Carriers are complaining about the customs authorities of both sides, because of the imposition of controls which are causing delays. On the Guatemalan side, they are not authorizing the use of free lanes for the passage of empty vehicles, said Santiago Urrea, a Salvadoran carrier to Prensalibre.com .
Another obstacle is that the system of both countries is constantly interrupted and the network takes several hours to reset.
The Pedro de Alvarado customs is used by carriers as the corridor between Mexico and Central America for international trade. The average daily circulation is 300 trucks, of which 30 percent are vehicles in transit to Panama and 70 percent for all other countries in the region.
"Sometimes a single truck stops the whole process over little things and that forces everyone behind to stop, as there isn't adequate infrastructure to facilitate the movement," said Fernando Herrera, director of the Guatemalan Association of Exporters.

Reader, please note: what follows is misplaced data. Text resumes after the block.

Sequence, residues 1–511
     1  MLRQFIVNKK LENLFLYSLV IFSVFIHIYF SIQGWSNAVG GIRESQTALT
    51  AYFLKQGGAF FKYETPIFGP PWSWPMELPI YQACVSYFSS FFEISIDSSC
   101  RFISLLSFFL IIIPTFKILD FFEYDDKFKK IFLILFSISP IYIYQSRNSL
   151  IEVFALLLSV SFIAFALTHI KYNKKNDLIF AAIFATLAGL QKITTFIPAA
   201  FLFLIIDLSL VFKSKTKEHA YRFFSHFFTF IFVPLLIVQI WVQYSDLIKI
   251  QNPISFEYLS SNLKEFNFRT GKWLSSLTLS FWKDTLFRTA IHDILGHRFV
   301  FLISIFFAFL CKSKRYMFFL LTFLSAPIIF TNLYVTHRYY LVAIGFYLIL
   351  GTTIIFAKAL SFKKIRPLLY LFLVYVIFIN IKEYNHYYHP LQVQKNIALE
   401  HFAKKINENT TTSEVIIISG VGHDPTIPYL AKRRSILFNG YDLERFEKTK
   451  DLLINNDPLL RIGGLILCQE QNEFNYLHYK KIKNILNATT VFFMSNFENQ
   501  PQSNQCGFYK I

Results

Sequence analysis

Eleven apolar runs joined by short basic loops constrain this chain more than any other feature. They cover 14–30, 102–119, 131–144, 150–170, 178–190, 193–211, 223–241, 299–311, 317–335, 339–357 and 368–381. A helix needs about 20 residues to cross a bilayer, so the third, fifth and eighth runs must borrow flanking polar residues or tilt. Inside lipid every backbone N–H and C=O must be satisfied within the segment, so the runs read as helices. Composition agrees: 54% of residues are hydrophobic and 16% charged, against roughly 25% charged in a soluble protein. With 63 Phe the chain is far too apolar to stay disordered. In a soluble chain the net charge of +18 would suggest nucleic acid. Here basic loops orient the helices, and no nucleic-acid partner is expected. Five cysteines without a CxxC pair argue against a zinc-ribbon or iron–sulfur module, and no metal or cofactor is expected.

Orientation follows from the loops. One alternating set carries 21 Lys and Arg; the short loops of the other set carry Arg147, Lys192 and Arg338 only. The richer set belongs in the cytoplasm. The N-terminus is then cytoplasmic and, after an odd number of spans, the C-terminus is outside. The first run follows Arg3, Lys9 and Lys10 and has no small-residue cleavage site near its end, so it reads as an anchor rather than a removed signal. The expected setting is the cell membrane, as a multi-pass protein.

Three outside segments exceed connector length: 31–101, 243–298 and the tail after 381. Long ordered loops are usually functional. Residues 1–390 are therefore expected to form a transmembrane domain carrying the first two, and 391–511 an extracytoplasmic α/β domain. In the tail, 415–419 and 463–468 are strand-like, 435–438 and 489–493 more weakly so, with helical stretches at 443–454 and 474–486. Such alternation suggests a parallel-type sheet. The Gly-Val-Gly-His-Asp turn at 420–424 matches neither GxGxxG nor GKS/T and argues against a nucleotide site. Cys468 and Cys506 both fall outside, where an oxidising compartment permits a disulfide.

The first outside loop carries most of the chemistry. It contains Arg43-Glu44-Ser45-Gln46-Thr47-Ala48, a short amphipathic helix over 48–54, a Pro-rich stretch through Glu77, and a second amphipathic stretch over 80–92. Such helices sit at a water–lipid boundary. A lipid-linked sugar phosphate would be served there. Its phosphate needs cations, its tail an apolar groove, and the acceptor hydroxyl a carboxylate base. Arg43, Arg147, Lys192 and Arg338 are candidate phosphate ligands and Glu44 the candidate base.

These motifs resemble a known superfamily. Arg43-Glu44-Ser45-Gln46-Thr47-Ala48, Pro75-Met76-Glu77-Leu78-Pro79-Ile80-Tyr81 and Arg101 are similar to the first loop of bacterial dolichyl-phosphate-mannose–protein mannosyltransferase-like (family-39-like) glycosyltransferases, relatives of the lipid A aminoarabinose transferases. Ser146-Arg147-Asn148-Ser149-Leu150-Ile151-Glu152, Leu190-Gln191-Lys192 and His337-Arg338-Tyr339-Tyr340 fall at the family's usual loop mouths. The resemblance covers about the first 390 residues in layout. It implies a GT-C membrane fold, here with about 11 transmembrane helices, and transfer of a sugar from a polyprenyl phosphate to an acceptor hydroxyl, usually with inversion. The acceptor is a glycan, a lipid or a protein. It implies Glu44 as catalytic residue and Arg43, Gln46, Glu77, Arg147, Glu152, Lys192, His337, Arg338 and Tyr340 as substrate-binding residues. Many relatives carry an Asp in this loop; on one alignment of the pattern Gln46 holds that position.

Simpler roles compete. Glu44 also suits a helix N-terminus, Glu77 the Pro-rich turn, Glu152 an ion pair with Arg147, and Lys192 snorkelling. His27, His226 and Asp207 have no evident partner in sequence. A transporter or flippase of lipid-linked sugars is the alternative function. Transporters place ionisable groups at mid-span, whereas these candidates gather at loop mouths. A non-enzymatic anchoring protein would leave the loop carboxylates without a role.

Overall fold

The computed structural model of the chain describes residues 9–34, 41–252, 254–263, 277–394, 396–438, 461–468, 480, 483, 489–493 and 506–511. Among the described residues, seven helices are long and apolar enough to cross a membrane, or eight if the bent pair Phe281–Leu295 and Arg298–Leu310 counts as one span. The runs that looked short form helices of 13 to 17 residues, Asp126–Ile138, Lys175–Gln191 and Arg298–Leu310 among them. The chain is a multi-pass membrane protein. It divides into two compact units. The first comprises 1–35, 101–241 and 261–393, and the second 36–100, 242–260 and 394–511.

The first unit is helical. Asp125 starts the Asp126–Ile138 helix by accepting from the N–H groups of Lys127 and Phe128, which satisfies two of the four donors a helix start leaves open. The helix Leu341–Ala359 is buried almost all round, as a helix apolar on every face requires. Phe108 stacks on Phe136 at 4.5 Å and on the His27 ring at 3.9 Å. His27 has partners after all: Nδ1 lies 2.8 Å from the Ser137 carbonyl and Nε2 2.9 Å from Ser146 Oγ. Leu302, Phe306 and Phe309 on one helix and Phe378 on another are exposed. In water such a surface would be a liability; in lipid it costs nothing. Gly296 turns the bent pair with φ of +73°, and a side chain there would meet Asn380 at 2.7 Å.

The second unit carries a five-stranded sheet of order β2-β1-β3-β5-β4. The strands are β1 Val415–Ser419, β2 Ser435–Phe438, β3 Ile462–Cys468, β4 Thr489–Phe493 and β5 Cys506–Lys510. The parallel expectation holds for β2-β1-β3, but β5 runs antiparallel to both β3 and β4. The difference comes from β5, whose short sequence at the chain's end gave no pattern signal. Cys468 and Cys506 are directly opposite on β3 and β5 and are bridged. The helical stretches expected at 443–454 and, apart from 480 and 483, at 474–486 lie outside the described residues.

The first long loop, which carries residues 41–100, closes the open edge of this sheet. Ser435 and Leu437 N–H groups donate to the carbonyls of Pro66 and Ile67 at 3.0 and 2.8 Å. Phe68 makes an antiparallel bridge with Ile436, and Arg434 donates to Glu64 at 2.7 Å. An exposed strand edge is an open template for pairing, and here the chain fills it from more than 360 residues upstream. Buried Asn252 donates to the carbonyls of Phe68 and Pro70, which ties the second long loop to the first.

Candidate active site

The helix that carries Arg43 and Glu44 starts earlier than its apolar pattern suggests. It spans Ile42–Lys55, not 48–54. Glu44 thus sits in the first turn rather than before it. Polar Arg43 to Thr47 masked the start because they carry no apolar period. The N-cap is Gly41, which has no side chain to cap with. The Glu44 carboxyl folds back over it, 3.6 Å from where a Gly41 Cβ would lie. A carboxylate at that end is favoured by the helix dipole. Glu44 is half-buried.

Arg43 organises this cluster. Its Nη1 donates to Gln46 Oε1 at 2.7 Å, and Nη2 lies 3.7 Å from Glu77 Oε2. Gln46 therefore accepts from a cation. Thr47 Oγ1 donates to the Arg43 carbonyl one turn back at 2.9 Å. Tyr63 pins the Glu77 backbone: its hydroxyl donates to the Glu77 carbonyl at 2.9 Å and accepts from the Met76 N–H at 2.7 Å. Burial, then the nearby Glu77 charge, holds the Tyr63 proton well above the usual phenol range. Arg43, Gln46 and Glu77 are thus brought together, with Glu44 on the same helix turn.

Guatemala carriers have blocked passage through customs posts at Pedro de Alvarado, Jutiapa, in protest against the excessive slowness of procedures for entering El Salvador.
The slowness of customs formalities as a result of the computer system crash caused some 300 carriers to form a blockade using their trucks from Sunday February 28th on the route to the customs office in Ciudad Pedro de Alvarado, located in Moyuta, in the Guatemalan department of Jutiapa, on the border with El Salvador.
Problems persist in the process of reviewing merchandise at the border posts in Amatillo and La Hachadura causing delays to cargo trucks.
Double review processes, recurring failures with x-ray machine inspection and the absence of a contingency plan for unforeseen delays has generated delays of between 19 and 23 hours for the approval of entry and exit of goods, said the Salvadoran Association of International Freight Carriers (ASTIC).
Freight carriers are opposed to the collection of a fee of $18 per inspection using scanners and are threatening strikes and a change of routes.
Representatives from the freight union are analyzing re routing trucks so that they do not have to cross El Salvador in order to reach the rest of the region, instead crossing at the border of Agua Caliente, Chiquimula, into Honduras.
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